My new summer physics lab: Google’s nexuscontraption
The Google elves have been busy putting together a Rube Goldberg game that really is just a big add for their latest phone, but I prefer to think of it as my summer physics lab.
Experiment 1: How do objects fall in the Google lab?
This is a pretty basic experiment. Let’s just drop the ball, and record its motion using Tracker Video Analysis.
Note: if you closely examine this video, you’ll see places where the ball doesn’t seem to move between frames. I think this frame doubling is somehow an artifact of either the Flash animation or SnapzPro, but I’d appreciate any advice this matter.
Despite this, I decided to go ahead with the investigation, and produced this graph of the y-velocity of the ball vs time. One of the beautiful things about doing video analysis on video games is that the contrast is so high, Tracker can autotrack objects with tremendous ease.
So the ball seems to be falling with a constant acceleration of . The fact that that acceleration is constant gives us a good reason to make the assumption that the ball is only experiencing a constant gravitational force, and if we assume that it the force is due to the earth, whose gravitaitonal field causes objects to accelerate at , we can find the scale of the google physics lab.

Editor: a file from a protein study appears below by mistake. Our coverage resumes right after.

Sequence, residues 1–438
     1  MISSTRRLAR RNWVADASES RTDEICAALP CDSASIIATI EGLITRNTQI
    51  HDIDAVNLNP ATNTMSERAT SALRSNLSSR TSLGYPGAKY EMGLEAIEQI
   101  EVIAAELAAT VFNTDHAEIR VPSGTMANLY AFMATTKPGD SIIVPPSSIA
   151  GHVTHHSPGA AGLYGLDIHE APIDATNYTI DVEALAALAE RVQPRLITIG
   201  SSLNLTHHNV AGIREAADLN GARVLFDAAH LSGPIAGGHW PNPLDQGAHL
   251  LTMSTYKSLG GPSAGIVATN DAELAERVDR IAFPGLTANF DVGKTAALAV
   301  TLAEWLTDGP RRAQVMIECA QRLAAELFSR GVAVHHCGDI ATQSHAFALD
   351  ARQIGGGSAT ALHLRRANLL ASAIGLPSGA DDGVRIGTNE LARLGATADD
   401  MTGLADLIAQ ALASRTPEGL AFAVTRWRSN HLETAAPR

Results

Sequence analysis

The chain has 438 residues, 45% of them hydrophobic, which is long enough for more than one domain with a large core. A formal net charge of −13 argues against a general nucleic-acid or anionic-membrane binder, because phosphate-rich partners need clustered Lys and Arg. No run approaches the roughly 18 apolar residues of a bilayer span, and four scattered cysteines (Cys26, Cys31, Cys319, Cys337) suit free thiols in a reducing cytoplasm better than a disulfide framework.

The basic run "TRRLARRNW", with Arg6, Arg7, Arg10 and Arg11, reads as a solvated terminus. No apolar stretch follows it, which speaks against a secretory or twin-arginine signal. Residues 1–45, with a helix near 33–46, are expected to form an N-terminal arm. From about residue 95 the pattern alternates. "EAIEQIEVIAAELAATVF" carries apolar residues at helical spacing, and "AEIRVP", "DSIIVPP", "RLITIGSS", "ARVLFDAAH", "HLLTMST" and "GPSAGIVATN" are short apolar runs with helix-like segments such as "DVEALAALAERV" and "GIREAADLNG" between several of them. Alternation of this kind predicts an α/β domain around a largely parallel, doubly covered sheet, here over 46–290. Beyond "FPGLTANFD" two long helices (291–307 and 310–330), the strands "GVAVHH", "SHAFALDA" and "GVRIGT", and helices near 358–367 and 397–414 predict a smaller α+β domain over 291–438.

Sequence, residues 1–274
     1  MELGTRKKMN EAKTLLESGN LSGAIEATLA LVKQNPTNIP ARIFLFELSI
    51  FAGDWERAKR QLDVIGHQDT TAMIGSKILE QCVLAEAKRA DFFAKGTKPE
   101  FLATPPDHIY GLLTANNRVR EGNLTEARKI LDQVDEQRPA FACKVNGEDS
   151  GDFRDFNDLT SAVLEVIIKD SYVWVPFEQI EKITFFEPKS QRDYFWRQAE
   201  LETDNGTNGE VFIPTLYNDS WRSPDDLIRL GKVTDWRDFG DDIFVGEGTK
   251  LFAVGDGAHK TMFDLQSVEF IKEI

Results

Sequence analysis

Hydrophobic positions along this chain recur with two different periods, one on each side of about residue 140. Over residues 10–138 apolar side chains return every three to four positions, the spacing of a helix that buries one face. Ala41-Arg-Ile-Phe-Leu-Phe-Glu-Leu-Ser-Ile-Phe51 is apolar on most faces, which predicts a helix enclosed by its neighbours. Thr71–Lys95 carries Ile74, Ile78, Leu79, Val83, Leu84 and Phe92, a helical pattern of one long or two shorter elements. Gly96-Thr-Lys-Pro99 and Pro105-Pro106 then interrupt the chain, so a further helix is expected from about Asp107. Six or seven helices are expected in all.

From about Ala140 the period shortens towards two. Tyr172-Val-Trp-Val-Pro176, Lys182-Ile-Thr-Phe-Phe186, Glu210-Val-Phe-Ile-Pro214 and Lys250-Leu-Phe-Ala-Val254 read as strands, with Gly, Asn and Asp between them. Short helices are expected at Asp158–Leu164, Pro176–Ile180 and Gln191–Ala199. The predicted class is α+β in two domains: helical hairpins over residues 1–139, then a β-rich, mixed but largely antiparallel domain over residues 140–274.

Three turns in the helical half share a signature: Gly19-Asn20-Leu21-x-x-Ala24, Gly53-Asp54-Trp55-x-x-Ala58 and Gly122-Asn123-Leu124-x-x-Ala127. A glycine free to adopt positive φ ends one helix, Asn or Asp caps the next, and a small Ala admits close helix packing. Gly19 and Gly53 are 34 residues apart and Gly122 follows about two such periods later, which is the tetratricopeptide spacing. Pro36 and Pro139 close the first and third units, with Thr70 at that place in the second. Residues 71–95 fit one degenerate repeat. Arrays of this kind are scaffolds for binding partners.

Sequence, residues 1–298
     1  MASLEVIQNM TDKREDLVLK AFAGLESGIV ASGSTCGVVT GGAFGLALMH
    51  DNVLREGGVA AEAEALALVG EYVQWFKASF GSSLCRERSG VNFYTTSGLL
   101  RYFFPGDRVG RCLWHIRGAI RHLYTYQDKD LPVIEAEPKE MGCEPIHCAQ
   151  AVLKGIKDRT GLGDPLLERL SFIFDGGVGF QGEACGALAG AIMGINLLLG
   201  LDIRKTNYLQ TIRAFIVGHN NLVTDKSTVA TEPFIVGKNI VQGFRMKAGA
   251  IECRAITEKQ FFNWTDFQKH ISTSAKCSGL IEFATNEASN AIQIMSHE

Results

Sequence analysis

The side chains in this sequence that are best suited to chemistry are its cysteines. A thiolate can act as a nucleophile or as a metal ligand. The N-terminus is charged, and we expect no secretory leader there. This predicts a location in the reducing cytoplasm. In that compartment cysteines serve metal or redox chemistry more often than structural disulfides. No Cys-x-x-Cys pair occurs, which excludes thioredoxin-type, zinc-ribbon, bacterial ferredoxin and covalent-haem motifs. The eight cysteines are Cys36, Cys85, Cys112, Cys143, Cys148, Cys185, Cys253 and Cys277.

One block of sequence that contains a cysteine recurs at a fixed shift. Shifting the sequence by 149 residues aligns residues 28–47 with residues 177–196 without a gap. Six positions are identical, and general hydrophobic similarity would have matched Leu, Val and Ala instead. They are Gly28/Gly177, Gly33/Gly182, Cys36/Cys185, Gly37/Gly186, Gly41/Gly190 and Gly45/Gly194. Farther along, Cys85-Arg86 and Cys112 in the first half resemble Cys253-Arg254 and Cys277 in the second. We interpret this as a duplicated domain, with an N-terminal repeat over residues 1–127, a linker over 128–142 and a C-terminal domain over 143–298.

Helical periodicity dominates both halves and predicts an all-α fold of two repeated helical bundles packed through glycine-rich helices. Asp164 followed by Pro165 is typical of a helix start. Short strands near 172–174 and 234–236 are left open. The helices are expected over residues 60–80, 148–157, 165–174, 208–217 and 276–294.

The diameter of the ball is about 31 pixels, or about 0.51 m. Those are fairly large balls they’re dropping in the lab. No wonder they need robot claws.
Experiment 2: Exploring the properties of Google’s rubber bands
One of your primary tools for moving objects around in the game is to use rubber bands. Let’s see what we can find out about these rubber bands.
Here’s another video of the ball making 2 bounces on the rubber band.
And here’s the graph of the y-position of the ball as a function of time.
Here’s a graph of the speed of the ball versus time.
If we know the speed of the ball before and after the collision, we can calculate the coefficient of restitution (COR) which is defined as ratio fo the speed after the collision to the speed just preceeding the collision.
We can read these values in from the graph above.
This coefficient seems pretty high, since a golf ball hitting a hard surface has a COR of 0.86, but maybe Google has some very special rubber bands.
Experiment 3: Exploring the dynamics of forces exerted by rotating oscillators.
On the next level, you get access to fans, which turn out to be an idea tool for exploring forces. Let’s see how the balls move when under the influence of a fan.
There are two interesting features of this graph—near the beginning of the motion the graph is curved, which indicates that the velocity is increasing. Later, the graph becomes straight, indicating constant velocity, and that the airstream of the fan is no longer exerting a force on the ball.
We see the velocity of the ball is initially increasing at a constant rate of or —more than 3g! That’s a big acceleration. Does that mean the fans in the google world are very powerful, or that the balls have very little mass?
For now, I’ll stop here. But I do have more questions that I’m curious about:
- Can I find the spring constant of the rubber bands?
- Can I find the mass of the ball? Or at least compare its mass to the mass of a block?
- Can we find the coefficient of friction of the lab tables in the Google lab?